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One of the great things about preaching is the deep dive it requires into scripture. Every Friday at Community of Divine Love Monastery – which I co-founded with Brother Dennis and have been living in for 13 years – we practice Lectio Divina. This is an ancient contemplative practice of Divine Reading or reading scripture very intentionally. We sit together and read through the upcoming gospel slowly three times and reflect together on what we feel God is saying to us through The Word.

This week I have been sitting with this gospel passage of Jesus saying that the harvest is plentiful. Is the harvest the hungry souls seeking healing and wholeness? He says that he has compassion for the harassed and helpless crowd, they are like sheep without a shepherd. So, he sends his disciples out and gives them authority over unclean spirits and the power to heal the sick. Jesus needs help tending to the needs of the people and so he sent out laborers into his harvest.

In the lovely Romans passage we heard that God’s love has been poured into our hearts through the Holy Spirit that has been given to us. Which is following up on the ACTS Pentecostal story – right?

So, I wonder, can we be both harassed and helpless and have the love of God in our hearts? Or has this crowd not had the love poured into them yet?

I think we can be both as I certainly can relate to feeling at times the presence of God’s love within my heart and at times, I feel harassed and helpless. It is a bit of a conundrum – we can both feel God’s love in our heart and sometimes feel harassed and helpless.

Paul seems to have understood this as he says in Romans 7, “Why do I do what I hate?”

Well, we are complicated beings – as people of faith we long to live in ways that are pleasing to God. But all too often we are short-tempered or angry or sad or caught up in a million other emotions. And why is this? Well, stuff happens and sometimes our buttons get pushed and before we know it, we are triggered into a big reaction. Sometimes this has more to do with things from our past. I mean, we have all been through a lot. Some of us might have been fortunate to live a fairly balanced life of consistent love and support but many of us had big issues to deal with in our life journey.

Many of us were raised facing challenges such as divorce or a problem drinker or even violence in the family. Recently there has been more attention paid to the impact our childhoods have had on our emotional and physical well-being as adults. There is now a questionnaire called the ACE’s which is an acronym for Adverse Childhood Experiences. It asks 10 questions. The more you answer yes, the more difficult your childhood was.

As many of you know I facilitate healing programs in the local prison. As you can imagine, most of the men there have very high scores on this test. In fact, they are mostly 9’s and 10’s. They have answered yes to the question: Did a household member go to prison? Did you often feel that you didn’t have enough to eat, had to wear dirty clothes, and had no one to protect you? Or were your parents too drunk or high to take care of you or take you to the doctor if you needed it?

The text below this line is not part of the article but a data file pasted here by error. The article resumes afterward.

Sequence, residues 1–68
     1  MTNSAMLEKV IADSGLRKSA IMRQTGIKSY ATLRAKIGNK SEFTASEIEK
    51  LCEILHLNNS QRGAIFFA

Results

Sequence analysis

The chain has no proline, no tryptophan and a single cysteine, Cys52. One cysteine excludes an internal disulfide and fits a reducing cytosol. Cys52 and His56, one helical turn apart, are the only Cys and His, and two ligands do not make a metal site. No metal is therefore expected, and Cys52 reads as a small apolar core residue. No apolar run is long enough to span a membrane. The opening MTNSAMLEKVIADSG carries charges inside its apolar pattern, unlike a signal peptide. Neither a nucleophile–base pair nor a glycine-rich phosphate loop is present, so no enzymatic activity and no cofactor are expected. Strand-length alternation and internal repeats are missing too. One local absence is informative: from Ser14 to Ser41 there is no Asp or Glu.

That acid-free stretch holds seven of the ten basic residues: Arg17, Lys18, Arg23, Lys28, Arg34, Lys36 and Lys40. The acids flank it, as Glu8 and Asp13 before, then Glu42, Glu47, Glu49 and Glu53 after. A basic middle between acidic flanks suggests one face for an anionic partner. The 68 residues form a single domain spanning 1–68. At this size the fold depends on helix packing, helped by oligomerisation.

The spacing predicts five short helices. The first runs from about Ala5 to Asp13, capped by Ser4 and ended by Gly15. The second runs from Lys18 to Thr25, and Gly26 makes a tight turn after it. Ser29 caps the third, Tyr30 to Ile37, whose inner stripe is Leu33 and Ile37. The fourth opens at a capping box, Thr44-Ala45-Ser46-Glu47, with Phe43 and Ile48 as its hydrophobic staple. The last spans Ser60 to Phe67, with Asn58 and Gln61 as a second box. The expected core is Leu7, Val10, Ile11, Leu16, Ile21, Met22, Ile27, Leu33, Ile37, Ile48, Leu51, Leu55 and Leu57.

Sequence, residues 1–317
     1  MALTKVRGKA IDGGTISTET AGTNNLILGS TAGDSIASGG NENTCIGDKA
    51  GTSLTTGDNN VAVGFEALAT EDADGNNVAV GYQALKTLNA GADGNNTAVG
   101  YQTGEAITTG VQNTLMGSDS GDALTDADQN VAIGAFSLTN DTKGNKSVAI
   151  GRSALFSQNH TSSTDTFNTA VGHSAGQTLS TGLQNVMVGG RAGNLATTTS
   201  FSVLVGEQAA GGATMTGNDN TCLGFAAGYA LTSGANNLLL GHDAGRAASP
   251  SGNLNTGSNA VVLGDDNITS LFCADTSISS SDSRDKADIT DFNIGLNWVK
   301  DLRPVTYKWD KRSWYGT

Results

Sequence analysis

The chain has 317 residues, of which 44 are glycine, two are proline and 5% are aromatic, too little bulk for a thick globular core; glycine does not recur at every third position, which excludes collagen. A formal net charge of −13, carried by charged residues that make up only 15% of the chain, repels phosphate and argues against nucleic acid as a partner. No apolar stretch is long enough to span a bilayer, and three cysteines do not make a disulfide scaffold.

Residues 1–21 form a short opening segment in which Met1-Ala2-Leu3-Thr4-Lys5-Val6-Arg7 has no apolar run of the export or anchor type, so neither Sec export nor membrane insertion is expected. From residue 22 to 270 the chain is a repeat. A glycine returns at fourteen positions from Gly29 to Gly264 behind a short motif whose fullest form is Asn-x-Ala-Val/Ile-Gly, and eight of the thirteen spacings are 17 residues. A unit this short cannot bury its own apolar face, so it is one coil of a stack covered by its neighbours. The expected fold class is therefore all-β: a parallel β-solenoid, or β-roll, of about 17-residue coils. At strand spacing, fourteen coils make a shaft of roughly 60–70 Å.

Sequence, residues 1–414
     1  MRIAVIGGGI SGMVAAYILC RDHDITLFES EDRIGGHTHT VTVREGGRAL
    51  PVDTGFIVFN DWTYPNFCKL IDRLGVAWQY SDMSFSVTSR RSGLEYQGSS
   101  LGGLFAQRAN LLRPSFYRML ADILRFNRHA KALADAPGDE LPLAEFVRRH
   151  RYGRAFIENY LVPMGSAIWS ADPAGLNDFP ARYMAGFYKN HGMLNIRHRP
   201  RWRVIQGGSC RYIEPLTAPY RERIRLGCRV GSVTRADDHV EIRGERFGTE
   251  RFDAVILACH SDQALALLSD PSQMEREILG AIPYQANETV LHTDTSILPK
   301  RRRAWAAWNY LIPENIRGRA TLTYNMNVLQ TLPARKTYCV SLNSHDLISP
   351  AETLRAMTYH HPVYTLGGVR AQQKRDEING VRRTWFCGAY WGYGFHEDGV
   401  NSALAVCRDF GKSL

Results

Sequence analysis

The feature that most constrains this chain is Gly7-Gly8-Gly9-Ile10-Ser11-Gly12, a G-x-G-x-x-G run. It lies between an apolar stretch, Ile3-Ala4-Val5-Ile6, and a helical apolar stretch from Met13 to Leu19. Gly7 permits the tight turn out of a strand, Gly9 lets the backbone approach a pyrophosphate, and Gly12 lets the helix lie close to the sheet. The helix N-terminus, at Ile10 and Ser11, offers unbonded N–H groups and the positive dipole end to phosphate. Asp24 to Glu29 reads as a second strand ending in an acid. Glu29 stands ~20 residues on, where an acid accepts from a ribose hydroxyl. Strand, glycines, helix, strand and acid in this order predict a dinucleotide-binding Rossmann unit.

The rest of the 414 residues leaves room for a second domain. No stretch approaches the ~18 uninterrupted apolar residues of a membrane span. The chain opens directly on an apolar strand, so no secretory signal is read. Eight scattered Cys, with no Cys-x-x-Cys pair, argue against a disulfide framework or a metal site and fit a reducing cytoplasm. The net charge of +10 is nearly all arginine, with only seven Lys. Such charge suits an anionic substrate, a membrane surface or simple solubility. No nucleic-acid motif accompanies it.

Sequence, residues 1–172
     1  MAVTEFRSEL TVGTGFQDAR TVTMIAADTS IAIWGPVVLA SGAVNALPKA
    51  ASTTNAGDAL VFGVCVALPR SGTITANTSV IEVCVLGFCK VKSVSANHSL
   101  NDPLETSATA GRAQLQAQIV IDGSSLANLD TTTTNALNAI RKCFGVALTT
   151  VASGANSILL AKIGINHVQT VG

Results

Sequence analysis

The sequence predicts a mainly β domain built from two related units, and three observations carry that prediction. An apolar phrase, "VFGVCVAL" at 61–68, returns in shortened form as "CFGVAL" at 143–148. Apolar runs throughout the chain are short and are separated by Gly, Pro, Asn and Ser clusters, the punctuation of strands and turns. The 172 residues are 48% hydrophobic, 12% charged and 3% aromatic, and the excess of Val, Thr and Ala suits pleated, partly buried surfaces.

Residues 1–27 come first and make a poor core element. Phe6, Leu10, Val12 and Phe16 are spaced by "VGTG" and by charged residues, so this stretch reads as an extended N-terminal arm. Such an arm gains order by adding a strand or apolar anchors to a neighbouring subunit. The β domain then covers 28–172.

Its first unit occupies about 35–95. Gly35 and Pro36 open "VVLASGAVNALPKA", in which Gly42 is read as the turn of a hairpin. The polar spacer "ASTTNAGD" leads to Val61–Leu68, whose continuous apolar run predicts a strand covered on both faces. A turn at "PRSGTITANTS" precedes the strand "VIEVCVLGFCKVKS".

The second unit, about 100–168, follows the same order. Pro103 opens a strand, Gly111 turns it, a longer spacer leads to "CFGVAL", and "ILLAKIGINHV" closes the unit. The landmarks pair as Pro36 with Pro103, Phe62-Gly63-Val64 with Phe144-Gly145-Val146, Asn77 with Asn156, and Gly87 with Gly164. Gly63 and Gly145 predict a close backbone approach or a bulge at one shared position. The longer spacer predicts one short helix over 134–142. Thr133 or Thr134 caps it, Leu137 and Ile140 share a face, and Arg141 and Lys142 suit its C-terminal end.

And their pain or trauma from these adverse childhood experiences has led to them making terrible decisions.

You have probably heard these words - Hurt people Hurt people. Another way to say this is that pain that is not transformed will be transmitted.

Most of the men have caused serious harm. Many of them have been incarcerated for 20-30 years. These men have opted to come to this class because they are hungry to heal. They long to become better men. They know they need to do the inner work and recognize not only the trauma that contributed to their bad choices in life but also to take accountability for the pain they caused to not only the victims but rippling out creating trauma for many people. It is lifechanging work and it takes courage to face the impact of their crimes.

And what will heal them? According to neuroscientists our brains can change, and we can become better people. By sharing their stories with a supportive community where they feel safe and respected, the miracle of healing happens. By men becoming vulnerable and honest in an atmosphere of compassion the healing begins. When the men feel true empathy for the pain, they have caused they are both devastated and changed. Yesterday I heard many men say they never want to hurt anyone again in their life.

Jesus says in Matthew 9 that he has come not for the righteous but for the sinners. As it says in the Romans passage, we just heard, “Christ died for the ungodly.” He came so that we could live and live abundantly.

It is remarkable to me that casting out demons and curing illness is sometimes as simple as creating a safe and sacred space for someone to be heard. Maybe it is as simple as listening with the heart to the harassed and helpless without judgment and with respect. We can all probably do a better job of listening to each other. We can all probably think of someone who needs to be heard.

We can be laborers for Christ by simply remembering we are all part of God’s family.

The Reverend Sister Greta Ronningen

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